Should I Buy a House Now While Interest Rates are Still Low?

should_buy_house_interest_rates_mortgage_lowOver the past few years, many articles I’ve read have repeated the same mantra: “Now is the time to buy real estate.”  Interest rates were low and they couldn’t go any lower, whoops, they did.  Since purchasing my condo in 2010, I’ve re-financed twice due to mortgage interest rates dropping and although we’re getting closer to 0% than where rates were at 5 years ago, I don’t see any big turnaround in sight.

The question to buy a new house shouldn’t be taken lightly though, there are quite a few steps to go through before you make your purchase.  Additionally, the process of buying a home is pretty tough right now.  Lenders have gotten more stringent with their lending requirements and you’ll have to provide a lot more information than ever before.  Here’s a good overview of the mortgage process that most lenders follow so you know what to expect.

Competition Abound

Even after meeting these stringent loan requirements, you’ll face daunting competition.  The supply of houses available is very low right now, most properties in metropolitan areas are receiving multiple offers within the first week.  I even hired a realtor to come out and give me an estimate of what he thought my place could sell for(good news: my value has gone up around 20% in 3 years).

While competition is good for sellers, buyers need to be patient and understand that it may take 10-20 offers or more before one even gets accepted.  Don’t feel the need to go outside your budget just because you’re getting outbid.  In my area, there are a lot of cash offers coming in and in real estate cash is king.

Interest Rates

A lot of people spend time debating on ARM vs Fixed mortgage but for first time homebuyers, I think the choice is pretty simple.  The average length of homeownership for all homebuyers is only 7 years, so why would you pay more than you have to?  I went with a 7/1 ARM at 3.125% and haven’t looked back since.

Make Mistakes While You’re Young

When you’re young, time is on your side.  You can buy an overpriced condo, move after a couple years and maybe only lose a few thousand dollars after all is said and done.  Since you’re not making as much when you’re young you can’t buy as much and therefore can’t lose as much.

But as you grow older, you need to be more conservative with the real estate choices you make.  Maybe it’s a good idea to rent in a certain area before you buy a 1 million dollar house.  Or maybe you should save up 20% instead of going with a FHA loan at 3.5% down in order to better absorb market fluctuations.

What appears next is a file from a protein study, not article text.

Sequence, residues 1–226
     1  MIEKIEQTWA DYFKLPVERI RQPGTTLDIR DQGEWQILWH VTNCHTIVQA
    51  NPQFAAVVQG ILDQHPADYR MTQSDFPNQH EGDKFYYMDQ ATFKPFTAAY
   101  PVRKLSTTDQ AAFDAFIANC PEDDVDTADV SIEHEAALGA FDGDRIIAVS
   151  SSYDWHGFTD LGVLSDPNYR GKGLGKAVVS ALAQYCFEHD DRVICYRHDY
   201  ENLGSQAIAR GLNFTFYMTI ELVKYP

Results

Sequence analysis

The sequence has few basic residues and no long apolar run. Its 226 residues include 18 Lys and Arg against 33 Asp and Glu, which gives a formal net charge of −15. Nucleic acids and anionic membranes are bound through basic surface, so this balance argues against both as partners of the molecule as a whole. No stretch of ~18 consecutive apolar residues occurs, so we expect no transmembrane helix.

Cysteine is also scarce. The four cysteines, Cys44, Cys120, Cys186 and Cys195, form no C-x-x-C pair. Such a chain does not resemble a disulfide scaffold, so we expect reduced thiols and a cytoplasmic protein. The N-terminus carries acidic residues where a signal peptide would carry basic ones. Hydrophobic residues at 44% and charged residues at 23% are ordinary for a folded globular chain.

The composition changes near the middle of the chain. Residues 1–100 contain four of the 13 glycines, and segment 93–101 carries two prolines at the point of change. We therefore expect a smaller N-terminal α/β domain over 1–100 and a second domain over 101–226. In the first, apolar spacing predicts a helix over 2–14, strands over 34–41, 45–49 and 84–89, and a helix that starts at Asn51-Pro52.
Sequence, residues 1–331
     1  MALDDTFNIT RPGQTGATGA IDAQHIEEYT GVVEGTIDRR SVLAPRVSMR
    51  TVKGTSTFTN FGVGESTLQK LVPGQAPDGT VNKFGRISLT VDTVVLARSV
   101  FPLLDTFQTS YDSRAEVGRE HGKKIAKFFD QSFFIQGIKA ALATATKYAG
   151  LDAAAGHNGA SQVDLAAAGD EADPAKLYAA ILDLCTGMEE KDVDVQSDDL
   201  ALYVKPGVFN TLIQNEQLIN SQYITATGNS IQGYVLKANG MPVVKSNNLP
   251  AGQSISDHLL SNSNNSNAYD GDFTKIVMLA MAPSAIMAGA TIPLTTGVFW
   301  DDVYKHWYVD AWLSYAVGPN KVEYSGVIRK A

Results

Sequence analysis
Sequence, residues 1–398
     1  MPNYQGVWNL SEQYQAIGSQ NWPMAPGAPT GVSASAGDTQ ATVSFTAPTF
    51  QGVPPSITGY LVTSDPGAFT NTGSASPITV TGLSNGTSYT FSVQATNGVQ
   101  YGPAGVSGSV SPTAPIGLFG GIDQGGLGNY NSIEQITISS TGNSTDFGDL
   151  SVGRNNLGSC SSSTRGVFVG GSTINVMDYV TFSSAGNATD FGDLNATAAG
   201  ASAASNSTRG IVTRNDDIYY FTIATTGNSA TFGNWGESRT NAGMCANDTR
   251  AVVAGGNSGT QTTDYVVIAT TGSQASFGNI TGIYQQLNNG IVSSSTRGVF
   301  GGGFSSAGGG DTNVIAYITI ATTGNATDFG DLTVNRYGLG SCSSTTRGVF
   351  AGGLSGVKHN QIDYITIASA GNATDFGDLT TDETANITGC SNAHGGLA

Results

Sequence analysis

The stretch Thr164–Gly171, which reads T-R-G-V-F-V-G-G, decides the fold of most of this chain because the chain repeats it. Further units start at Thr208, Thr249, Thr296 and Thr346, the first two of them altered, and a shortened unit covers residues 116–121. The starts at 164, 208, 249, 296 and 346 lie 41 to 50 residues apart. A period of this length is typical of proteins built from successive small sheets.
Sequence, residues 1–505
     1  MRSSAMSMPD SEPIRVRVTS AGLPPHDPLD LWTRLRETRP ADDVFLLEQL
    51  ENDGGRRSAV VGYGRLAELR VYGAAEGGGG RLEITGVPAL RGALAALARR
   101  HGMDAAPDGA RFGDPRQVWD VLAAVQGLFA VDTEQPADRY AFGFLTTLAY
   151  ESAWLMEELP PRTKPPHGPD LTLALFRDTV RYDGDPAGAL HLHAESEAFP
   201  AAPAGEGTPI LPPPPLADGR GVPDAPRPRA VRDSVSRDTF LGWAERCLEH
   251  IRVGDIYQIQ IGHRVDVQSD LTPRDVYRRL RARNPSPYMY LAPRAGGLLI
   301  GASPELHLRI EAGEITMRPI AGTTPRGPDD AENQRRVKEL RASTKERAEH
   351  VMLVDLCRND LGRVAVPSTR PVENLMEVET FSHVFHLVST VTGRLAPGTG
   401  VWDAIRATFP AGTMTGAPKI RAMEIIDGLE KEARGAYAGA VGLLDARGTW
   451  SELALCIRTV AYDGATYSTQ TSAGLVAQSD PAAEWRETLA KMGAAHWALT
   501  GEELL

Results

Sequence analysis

I’m glad I bought when and where I did but I’ve learned a lot from my purchase.  All of the following are specific to my situation but you should do a similar analysis for yourself.  Here’s what I’ve learned(some good, some bad):

  • It’s a lot easier to do renovations before you move in than periodically after you’ve moved in.
  • I like properties that have a lot of natural light, mine doesn’t(How did I not know this before? haha).
  • Even though I have a balcony, I don’t get to sit out there and enjoy it as much as I would like since it’s facing the street.  Next time I’ll buy one facing the courtyard.
  • Having side by side parking spaces is awesome.  A lot of the units in my building have tandem spots and it would be a big pain to have to move cars all the time.  I didn’t even consider this when I bought the place.
  • We don’t need a second bedroom but it’s nice to have for guests, office work and storage.
  • Even though my HOA’s are high at $390/mo. it’s really nice having a pool and jacuzzi.  I use it all the time after I work out or go to the beach.

Starter Home or Final Home

If you’re in the market for a starter home, make sure that you have the capacity to save up for another down payment if you plan on upgrading.  Remember that if the value of your home goes up, so will your next home.  Since the equity you put into a starter home may not be enough for your dream home downpayment, you may want to consider buying less house in the first place.  Banks will give you a number they’re comfortable loaning but you need to check and make sure that number jives with your own budget.